Review: Suicide Squad
3.5out of 5
Reader Rating 3 Votes
5.4

Director: David Ayer

Starring: Will Smith, Margot Robbie, Jay Hernandez, Jai Courtenay, Cara Delevigne & Adewale Akinnuoye-Agbaje

Following the aftermath of Batman v Superman, government agent Amanda Waller (Viola Davis) fears a ‘metahuman’ crisis, with no superheroes on hand to protect the world. Naturally, her solution is to recruit the world’s most dangerous villains. The movie combines the original Suicide Squad story arc – with a taskforce including Rick Flag (Joel Kinnaman), Captain Boomerang (Jai Courtney) and Deadshot (Will Smith) – with the New 52 Suicide Squad comics, adding Harley Quinn (Margot Robbie) and El Diablo (Jay Hernandez) to the mix. Killer Croc (Adewale Akinnuoye-Agbaje) replaces King Shark in the lineup, but otherwise the movie is faithful to the comic series.

For most of the film, Deadshot and Harley Quinn steal the show. Deadshot is heated, sassy, and tough, not to mention seriously impressive with a gun in his hand. We see through his badass exterior however, and it’s his caring side that makes him interesting – made evident in his loving relationship with his daughter, and his developing friendship with Harley.

Robbie’s Harley Quinn is everything she should be – fearless, sexy, clever, intriguing… and crazy. The movie shows us Harley’s backstory as the Joker’s psychiatrist at Arkham Asylum, who falls in love with her “puddin'” and helps him escape. Fans of the ‘fun supervillain’ are guaranteed to love this incarnation of Harley, and anticipation for her own standalone movie.

The occasional appearances of Jared Leto’s Joker aren’t essential to the main plot, but are necessary to give the movie a much more substantial villain. After Heath Ledger’s incredible portrayal in the Dark Knight Trilogy – often considered the absolute best of supervillain reinventions –  Leto had a hard act to follow. For a character as iconic as the Joker, each reinvention needs to be distinctive. Leto’s version takes on the gangster style of villain popular in earlier comic books, and visually bears similarity to the Joker in the Batman: Endgame series. This incarnation of the Joker is disturbing – and it captivates.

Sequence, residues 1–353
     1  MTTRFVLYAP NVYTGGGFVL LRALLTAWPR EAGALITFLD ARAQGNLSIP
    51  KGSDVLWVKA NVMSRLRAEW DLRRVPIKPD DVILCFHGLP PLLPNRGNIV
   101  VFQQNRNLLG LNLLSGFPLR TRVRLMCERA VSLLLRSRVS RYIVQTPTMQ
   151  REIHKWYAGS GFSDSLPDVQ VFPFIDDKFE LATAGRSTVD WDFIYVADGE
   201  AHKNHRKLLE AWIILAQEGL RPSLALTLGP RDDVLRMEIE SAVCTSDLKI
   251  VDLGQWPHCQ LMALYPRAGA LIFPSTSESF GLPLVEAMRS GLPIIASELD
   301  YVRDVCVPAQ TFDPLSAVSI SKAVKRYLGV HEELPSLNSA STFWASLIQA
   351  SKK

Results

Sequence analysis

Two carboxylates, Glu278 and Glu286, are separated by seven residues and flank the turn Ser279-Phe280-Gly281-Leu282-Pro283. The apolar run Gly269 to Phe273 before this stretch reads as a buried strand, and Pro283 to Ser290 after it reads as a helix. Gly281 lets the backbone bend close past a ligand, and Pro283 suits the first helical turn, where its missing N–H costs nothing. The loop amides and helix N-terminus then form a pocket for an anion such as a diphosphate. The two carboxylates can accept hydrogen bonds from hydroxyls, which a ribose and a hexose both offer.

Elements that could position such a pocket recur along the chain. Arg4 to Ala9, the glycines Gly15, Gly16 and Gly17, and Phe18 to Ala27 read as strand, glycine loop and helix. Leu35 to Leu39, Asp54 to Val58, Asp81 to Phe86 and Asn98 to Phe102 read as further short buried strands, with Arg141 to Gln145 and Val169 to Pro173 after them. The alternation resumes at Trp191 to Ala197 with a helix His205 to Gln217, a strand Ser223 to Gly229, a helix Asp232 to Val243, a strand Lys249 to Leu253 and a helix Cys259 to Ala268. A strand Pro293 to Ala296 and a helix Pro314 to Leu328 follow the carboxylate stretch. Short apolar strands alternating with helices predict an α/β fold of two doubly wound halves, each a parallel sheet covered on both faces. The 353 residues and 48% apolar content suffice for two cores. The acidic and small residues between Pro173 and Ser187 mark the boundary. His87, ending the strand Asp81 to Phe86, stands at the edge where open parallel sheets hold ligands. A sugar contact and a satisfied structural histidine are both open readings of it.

The biggest flaw in Batman v Superman was a lazily-written antagonist with only an arbitrary desire for world domination. Unfortunately, Suicide Squad followed suit. Enchantress (Cara Delevigne) was interesting at first, and had the potential to make a great villain. However, without any discernible motivation for her actions, she became just another superhuman monster ripping up half the city in a swirling cloud of doom. DC Comics do sometimes create amazing villains, like the Joker, Zod, and Lex Luthor to name a few, but recent films have struggled to deploy them well.

There’s a lot about DC’s latest ventures that have been heavily criticized – yet the studio is still struggling valiantly to compete with Marvel’s well-established cinematic universe. The action is thrilling, the characters are fascinating, and the main antagonist Enchantress adds a touch of darkness. While Suicide Squad is by no means flawless, it is a brilliant effort from director David Ayer, and has raised the game for DC. This looks to lead to bigger things, with cameos from Ben Affleck’s Batman and Ezra Miller’s Flash, and the post-credits scene building up hype to next year’s Justice League. DC’s production rate is at its fastest ever to catch up with its competitors, and the introduction of previously unseen villains into their cinematic universe was a brave move from Ayer. All in all, Suicide Squads ‘worst of the worst’ are some of the best that DC has put on screen.

Words by Zoe Tongue